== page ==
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Apr 25, 2021

Study: ‘Fingerprint’ for 3D printer accurate 92% of time

Posted by in categories: computing, health, internet, security

3D printing is transforming everything from fashion and health care to transportation and toys. But this rapidly evolving technology, also known as additive manufacturing, can threaten national security and intellectual property rights.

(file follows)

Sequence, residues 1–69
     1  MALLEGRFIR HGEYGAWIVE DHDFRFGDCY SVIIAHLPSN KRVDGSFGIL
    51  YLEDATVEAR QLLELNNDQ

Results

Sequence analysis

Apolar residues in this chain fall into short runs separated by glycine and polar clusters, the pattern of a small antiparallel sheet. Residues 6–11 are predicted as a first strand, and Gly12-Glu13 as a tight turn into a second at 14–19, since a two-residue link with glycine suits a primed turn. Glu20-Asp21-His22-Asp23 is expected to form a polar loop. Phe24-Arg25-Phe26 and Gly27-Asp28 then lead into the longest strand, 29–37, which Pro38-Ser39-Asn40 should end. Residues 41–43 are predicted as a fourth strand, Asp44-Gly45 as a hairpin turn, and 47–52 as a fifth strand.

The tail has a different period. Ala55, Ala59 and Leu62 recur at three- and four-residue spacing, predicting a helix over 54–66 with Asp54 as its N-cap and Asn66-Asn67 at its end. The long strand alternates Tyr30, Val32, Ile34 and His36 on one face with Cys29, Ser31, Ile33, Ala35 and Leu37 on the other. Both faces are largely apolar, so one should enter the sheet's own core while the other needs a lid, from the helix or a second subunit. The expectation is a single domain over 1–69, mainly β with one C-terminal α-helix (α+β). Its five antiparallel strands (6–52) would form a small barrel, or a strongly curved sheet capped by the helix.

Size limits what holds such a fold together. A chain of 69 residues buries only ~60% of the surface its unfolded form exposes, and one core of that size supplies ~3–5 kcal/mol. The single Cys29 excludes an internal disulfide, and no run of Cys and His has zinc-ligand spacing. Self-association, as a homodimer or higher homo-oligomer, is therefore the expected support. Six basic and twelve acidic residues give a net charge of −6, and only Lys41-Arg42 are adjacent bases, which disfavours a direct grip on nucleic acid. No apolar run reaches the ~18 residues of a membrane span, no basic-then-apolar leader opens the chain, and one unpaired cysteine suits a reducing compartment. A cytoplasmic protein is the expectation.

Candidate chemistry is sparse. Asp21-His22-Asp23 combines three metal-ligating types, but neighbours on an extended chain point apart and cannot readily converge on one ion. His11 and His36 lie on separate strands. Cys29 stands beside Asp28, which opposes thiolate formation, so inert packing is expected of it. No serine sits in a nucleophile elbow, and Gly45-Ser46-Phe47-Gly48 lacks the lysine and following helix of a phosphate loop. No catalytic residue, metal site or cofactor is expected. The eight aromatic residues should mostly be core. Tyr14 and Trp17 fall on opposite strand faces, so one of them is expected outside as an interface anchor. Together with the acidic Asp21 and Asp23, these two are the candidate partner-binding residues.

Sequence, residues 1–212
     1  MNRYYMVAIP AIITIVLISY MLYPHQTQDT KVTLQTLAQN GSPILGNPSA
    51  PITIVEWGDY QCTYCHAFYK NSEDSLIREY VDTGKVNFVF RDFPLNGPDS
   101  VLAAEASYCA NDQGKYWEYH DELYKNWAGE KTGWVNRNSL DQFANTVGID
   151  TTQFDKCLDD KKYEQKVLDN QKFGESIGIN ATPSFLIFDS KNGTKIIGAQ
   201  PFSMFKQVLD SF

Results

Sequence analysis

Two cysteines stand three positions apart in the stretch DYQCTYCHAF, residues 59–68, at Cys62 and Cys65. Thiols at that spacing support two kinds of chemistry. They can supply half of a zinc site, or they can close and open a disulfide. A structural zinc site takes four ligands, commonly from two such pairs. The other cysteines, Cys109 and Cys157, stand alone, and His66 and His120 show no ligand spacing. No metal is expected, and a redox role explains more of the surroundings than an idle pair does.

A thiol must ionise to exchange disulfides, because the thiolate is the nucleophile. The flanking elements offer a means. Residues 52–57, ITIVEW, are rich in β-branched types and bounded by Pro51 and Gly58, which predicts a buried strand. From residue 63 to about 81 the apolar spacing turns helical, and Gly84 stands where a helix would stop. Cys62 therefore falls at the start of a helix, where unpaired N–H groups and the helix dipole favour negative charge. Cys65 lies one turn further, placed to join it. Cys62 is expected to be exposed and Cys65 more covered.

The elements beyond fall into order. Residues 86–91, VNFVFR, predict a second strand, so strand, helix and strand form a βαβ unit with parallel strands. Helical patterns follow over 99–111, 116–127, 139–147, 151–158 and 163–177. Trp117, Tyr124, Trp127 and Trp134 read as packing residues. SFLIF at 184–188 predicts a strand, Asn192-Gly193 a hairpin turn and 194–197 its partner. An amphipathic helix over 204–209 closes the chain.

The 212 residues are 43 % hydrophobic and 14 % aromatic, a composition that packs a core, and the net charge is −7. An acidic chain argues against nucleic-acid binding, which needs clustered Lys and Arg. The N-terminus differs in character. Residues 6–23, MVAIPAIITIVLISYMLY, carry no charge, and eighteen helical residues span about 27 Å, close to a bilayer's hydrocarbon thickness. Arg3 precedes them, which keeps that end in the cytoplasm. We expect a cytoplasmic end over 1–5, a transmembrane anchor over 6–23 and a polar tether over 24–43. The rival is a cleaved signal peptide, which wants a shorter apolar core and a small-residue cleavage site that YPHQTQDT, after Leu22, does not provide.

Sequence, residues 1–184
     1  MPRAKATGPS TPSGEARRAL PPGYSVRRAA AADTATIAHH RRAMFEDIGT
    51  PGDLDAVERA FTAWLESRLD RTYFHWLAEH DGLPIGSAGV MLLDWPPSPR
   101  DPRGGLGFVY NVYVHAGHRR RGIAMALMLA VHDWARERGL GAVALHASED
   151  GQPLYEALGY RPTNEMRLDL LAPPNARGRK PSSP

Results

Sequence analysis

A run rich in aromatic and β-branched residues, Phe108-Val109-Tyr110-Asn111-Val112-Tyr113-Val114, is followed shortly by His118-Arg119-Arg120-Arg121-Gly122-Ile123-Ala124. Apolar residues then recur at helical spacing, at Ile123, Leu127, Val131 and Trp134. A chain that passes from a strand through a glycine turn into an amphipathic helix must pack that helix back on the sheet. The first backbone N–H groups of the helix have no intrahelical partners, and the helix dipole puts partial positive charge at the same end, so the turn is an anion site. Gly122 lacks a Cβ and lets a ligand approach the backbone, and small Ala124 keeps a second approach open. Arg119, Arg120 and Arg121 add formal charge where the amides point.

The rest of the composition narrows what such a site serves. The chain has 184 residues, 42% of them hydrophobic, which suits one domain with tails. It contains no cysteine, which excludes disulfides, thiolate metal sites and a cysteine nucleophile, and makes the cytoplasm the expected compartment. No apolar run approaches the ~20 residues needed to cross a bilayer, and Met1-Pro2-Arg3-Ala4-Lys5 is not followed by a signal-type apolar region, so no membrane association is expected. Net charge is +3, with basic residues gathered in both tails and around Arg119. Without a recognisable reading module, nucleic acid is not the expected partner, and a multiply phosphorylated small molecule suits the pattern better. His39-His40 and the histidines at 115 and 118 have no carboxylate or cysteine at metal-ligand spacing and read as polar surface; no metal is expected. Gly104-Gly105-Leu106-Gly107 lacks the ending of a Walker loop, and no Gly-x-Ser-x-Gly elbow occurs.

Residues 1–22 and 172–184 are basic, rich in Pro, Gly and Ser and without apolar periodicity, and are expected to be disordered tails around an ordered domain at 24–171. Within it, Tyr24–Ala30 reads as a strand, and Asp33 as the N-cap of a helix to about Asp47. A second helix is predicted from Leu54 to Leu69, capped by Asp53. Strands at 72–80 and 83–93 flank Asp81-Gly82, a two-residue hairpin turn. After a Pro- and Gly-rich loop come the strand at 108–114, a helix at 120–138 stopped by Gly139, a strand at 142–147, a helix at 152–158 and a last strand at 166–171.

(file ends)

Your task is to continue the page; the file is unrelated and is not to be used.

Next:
To reduce illicit use of 3D printers, Zhanpeng Jin, Ph.D., associate professor in the Department of Computer Science and Engineering at the University at Buffalo, is developing a way to track the origin of 3D-printed items.

His concern was that, as long as people have the digital design for an item, which can be downloaded from the internet, sometimes as open-source material, people can print out anything they want, which can range from computer parts and toys to fully functional handguns and assault rifles.

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